I am Outta’ HERE!
One of the givens of American culture is that at sometime during the summer months everybody at work will take a vacation. This means that we work around each other’s schedule, postpone meetings, move deadlines up or back, and while we may not celebrate our colleagues’ absence, at least we forgive it.
Helping our client prepare for their exodus from work in a systemized manner will make their vacation all more wonderful.
Below are the 10 Tips to prepare for your vacation!
1. Two Weeks Prep Gives One Week Off
American workers are never more productive than in the two week prior to leaving for vacation. This is about the right amount of time to be mindful that the goal you are working toward is getting out the door for a much-needed and well-deserved break. How you prepare in these two weeks will set the comfort level under which you leave the office on that fateful Friday.
2. Record all Outstanding Tasks on a To Do list
Capture all ad hoc tasks into one trusted location. It can be a Word document, your Outlook Task List, a notebook, or journal. This list will be overwhelming at first glance. But it allows you to leave the office confident that you are not forgetting anything. Use your calendar to schedule the high priority items as appointment for the week you return.
3. Know your Projects’ Status
Use a project tracker to “mark” where you stand in each of your projects. The purpose of this is to track where you stand in each project and to record what your next steps will be upon your return. This can be a notebook with one page dedicated to each project, an Excel spread sheet, a Word doc, or your Outlook Task List. The tool does not matter as much as the practice.
4. Meet with your Boss.
At least three days before you are scheduled to leave on vacation, meet with your boss to reiterate the dates of your vacation. Spend time updating her on the status of outstanding projects. Discuss at what stage you expect to be in each projects before you leave and how you intend to handle them upon your return.
5. Communicate with Co-Workers.
Remind your coworkers of your vacations dates. Update them on any project items that may fall to them in your absence. Let them know where any paper information they may need is located in your work space. Copy electronic data onto a flash drive, label it, and leave it with them.
6. Decide your “Power-Off” policy
A survey by Expdia shows that 4% of Americans CONSTANTLY check Email while on vacation and 31% said they check it sometime. You NEED and deserve to be untethered from your job while on vacation. With your boss, decide what you would like your power-off policy to be. Inform coworkers, vendors and other interested parties what your accessibility is. Change your outgoing voice mail message to indicate that you are away and will not be checking messages, indicate who they should contact in your absence, and your return date. Create an “Out of Office” reply for your Email with the same information.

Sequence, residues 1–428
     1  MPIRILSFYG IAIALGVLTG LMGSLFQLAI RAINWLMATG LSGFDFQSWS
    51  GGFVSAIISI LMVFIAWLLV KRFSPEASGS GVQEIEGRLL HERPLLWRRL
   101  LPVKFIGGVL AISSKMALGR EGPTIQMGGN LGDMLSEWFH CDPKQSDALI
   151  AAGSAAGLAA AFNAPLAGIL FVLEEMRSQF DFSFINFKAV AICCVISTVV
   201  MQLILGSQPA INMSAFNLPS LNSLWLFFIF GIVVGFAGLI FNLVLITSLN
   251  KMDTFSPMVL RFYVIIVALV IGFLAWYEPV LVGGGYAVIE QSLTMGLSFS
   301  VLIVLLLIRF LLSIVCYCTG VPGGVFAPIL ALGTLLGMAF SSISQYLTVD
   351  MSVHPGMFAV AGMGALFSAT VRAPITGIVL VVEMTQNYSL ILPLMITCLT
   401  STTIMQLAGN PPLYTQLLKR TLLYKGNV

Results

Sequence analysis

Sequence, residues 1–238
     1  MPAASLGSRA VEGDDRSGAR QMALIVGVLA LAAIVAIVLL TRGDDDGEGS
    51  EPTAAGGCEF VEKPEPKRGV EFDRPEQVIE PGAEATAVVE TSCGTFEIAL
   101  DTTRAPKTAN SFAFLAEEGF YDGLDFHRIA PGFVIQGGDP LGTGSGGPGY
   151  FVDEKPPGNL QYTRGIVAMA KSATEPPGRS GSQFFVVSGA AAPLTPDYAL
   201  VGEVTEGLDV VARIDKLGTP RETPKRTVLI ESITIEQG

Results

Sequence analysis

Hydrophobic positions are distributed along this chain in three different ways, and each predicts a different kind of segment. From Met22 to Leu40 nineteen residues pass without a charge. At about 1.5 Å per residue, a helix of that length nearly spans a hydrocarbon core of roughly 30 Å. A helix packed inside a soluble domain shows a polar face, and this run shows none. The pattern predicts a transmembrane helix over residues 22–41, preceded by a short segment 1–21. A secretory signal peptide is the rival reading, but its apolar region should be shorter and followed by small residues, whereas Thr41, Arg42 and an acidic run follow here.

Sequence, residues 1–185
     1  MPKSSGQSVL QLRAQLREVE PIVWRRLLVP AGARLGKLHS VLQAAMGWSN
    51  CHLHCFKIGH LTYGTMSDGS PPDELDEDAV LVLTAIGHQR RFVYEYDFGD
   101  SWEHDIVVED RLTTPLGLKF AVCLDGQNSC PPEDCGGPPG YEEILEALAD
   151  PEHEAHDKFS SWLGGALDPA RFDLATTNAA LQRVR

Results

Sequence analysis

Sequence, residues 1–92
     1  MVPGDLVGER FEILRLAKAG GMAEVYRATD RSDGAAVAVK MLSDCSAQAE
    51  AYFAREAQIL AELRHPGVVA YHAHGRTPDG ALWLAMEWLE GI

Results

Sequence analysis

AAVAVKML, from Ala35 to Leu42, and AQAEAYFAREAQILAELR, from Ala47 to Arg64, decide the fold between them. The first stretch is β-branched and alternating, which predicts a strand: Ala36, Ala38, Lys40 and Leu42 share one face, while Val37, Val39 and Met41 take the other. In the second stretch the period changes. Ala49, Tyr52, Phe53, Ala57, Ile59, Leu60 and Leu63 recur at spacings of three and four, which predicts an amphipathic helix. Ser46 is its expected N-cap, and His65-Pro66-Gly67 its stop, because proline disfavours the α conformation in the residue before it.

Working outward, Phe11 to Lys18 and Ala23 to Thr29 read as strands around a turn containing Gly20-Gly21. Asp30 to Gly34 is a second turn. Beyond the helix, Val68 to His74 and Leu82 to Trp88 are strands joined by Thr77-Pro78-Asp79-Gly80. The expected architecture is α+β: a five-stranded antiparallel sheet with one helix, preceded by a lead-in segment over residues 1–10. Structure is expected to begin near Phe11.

7. Block out “Catch Up” Time
Keep the first morning back in the office completely free of schedule meetings. Block the time on your calendar as “booked” so that coworkers do not schedule into it while you are gone. Create an important-sounding meeting title, i.e. Project Status Update Meeting with (boss’s name). Do NOT call it “catch up or blocked time.” It will be gone before you leave the building.
8. Have a strategy to “Pay the Piper” for Being Gone.
You will return to a desk full of paper, a full voice mailbox, and a deluge of Email. Don’t panic. The following strategy will get you through it.
First, review your To Do list before you check your Email. These were your priorities before your left. There is no reason to think they are not STILL your priorities.
Then check your voice mail. Do not return any phone calls now; simply add any actions needed to your To Do list.
Next do an initial sweep through your Email ruthlessly discarding any Email you can delete immediately.
Next, do another sweep of your inbox looking for high priority Emails- those from your boss, your boss’s boss, or those relevant to any projects you have pending. Only respond to those Emails which will take less than a minute.
Then process the others, meaning move to your Electronic Task List, change the Email subject line to indicate the action or add your personal action technique.
9. Dive Back to Work
Now you can begin the process of reprioritizing this information into your To Do list and scheduling priority items into your calendar.
Leave your office and ENJOY your vacation. Time spent in recreational activities with family and friends can be the most productive time you have. It is restorative and rejuvenating. It clears your mind for more creative endeavors. Plus it’s just plain FUN!